There comes a point in a prospect’s life when they can no longer be ignored. This isn’t the case for the first rounders and those who are knighted as future Hall of Famers as soon as they appear in the system, but the vast majority of minor leaguers don’t fit into that camp. Instead, the hundreds of other guys need to make a name their own way.
Essentially, the best way to push yourself to the forefront is to have multiple consistent seasons, although this still isn’t enough for many. What Eli Morgan has done is pitch better than anyone else at his level for three straight years. Not only has he been better than his teammates, but he has pushed near perfection with a 1.03 ERA his first year in Mahoning Valley, 1.83 ERA his second season in Lake County and a 1.87 ERA so far this year in Lynchburg.
An 8th round pick by the Cleveland Indians in the 2017 MLB Draft out of Gonzaga, Morgan can no longer be ignored with many of the other mid-draft picks over the years. He’s already adorned with minor league accolades including being named pitcher of the week four times in 2018 and a Cleveland minor league organizational All-Star.
Since his arrival on May 16, 2018, he has anchored HillCats in the starting rotation going 10-8 with a 3.87 ERA and 140 strikeouts in 25 starts. In 2019 alone, he was been even better going 3-1 with that 1.87 ERA and 40 strikeouts in 6 starts. By April 6th, he was leading all Carolina League pitchers in strikeouts and WHIP (0.71) while sitting third in innings pitched and fifth in ERA. Incredibly, he walked just five batters, fewer than all but one other Carolina League pitcher with at least 24 strike outs. Of his seven runs allowed, the first four came by the long ball with two solo shots and one two run homer.
Burning River Baseball’s Russell Bennett was able to attend Morgan’s April 28th start against Wilmington where he put together this scouting report:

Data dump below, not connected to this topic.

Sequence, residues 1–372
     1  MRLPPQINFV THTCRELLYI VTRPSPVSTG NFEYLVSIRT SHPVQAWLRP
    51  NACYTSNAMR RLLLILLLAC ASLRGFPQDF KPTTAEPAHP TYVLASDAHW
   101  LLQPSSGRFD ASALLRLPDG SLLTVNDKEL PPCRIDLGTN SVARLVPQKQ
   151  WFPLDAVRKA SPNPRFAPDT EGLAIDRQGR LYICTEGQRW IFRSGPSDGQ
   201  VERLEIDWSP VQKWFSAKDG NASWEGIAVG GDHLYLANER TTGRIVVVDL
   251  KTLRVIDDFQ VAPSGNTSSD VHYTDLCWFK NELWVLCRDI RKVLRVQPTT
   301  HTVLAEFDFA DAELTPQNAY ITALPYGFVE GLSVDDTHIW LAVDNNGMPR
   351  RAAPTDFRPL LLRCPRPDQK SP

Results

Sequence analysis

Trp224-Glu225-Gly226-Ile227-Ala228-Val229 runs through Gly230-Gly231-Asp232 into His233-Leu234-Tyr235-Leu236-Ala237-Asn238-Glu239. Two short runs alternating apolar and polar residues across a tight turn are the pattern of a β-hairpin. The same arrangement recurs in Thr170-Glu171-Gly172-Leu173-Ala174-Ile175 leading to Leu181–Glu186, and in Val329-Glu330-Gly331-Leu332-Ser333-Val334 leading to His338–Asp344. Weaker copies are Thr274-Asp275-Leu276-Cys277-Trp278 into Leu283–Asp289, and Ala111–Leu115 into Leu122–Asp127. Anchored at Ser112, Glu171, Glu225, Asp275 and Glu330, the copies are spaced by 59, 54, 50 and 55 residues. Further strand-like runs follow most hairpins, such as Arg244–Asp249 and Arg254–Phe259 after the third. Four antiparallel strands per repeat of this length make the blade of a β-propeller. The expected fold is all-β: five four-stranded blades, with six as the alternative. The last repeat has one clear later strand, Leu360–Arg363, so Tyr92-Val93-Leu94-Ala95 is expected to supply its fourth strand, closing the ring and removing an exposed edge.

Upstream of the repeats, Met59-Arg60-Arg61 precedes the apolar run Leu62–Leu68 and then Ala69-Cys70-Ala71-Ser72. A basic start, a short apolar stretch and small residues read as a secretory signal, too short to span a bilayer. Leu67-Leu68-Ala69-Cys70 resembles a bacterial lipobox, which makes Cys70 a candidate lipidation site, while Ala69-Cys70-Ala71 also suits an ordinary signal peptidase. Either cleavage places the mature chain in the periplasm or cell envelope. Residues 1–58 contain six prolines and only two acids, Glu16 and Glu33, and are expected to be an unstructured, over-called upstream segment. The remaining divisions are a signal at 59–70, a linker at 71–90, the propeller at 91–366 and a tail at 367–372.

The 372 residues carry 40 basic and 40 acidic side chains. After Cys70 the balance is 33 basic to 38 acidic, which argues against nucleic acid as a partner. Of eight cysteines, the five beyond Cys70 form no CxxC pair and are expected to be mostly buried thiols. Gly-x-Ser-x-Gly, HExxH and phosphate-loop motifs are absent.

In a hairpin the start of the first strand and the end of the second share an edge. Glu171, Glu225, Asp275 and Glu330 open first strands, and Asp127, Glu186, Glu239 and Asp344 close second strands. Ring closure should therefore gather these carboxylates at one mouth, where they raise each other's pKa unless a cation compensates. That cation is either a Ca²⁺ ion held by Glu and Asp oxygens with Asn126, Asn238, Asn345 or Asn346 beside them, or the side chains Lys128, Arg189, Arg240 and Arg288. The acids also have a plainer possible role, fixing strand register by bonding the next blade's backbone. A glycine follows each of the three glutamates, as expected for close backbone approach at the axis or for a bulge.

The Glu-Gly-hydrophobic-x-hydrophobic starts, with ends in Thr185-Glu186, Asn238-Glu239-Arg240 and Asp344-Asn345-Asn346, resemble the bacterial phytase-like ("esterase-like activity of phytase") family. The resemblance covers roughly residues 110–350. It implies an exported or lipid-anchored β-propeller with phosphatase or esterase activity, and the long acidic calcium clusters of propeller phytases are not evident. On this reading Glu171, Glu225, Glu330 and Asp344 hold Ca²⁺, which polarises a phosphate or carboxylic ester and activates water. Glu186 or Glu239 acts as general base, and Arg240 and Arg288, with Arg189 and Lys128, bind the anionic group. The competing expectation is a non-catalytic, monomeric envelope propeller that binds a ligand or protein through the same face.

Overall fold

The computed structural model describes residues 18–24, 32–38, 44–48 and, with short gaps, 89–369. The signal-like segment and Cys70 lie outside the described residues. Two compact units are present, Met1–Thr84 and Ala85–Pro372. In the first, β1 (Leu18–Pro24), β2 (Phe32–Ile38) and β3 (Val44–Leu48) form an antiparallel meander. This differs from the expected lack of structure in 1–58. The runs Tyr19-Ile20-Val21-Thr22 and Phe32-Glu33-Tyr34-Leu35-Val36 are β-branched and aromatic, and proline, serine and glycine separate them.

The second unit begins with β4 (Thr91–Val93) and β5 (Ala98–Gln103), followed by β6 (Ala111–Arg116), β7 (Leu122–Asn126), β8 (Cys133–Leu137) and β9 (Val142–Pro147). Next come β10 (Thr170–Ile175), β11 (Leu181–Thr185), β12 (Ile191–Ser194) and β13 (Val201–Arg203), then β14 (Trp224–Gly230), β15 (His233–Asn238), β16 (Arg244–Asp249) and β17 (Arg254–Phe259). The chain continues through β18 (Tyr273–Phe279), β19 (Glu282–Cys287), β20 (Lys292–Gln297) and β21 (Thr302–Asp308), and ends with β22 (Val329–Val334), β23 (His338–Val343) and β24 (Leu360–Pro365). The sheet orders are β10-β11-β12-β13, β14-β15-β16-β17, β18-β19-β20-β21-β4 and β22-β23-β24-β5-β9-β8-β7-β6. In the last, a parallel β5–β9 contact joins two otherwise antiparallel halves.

His fastball sits around 88-91 MPH with his off speed at 75-77 MPH. Went full count to the first four batters and five batters overall. Batters were off balance out in front of the off speed and late on the fast ball. The third inning was his only blemish giving up two hits, a bloop and a blast. After that, he was in cruise control the rest of the game retiring the next seven batters before being replaced in the 6th with a 94 pitch count. He finished the game 5IP 2H 2ER HR 9K 0BB.
On May 6th, Morgan was promoted to AA Akron where, as a third year player and just 22 years old, he will be both one of the youngest players and most recently acquired players on the team. While this move was somewhat based on organizational need as the long term injuries to Corey Kluber and Mike Clevinger have pushed Jefry Rodriguez and Cody Anderson to the big leagues, it couldn’t have been more well deserved.
If you include his college career, Morgan has not only always been successful, but has been steadily increasing his innings totals. Since pitching just over 45 innings in 2015, he has increased to 111, 136, 143, and now 33 through six starts, a pace for 165 if he gets 30 starts. This is a perfect projection as he gets nearer to the big leagues to prepare him for 200 innings without risking injury.
It wouldn’t be complete to talk about Morgan and not mention any problems. The name that always comes up when you discuss a pitcher who never walks anyone, pitches in the low 90’s and gives up a lot of home runs is Josh Tomlin. This isn’t an insult as Tomlin has had a long and sometimes successful (2014 through 2016 mostly) career, but it is a worry about how valuable he will be in the Major Leagues. There are huge leaps between minor league levels and the leap between high A and AA has generally been considered the greatest.
Many top prospects spend little if any time in AAA, with most teams using the league more like an NFL practice squad to house injury replacements than a true developmental league for internal prospects. This means Morgan will face the best that the minors have to offer for the rest of the year. This will be a true test of his ability and the effectiveness of his repertoire. In fact, despite being just his third season in the organization, it may be his final test.
Morgan could stay in AA for a month, the rest of the year or the next three years. At this point, he only has to do two things to advance; continue to increase his innings and dominate anywhere near the level he has in his first three seasons. As soon as he does that, he will be bound for Columbus and beyond. Just as he forced his way from Lake County to Lynchburg last year and Lynchburg to Akron, Morgan could most certainly force his way into the Indians starting rotation or bullpen by late 2020 just by pitching exactly the way he has up to this point.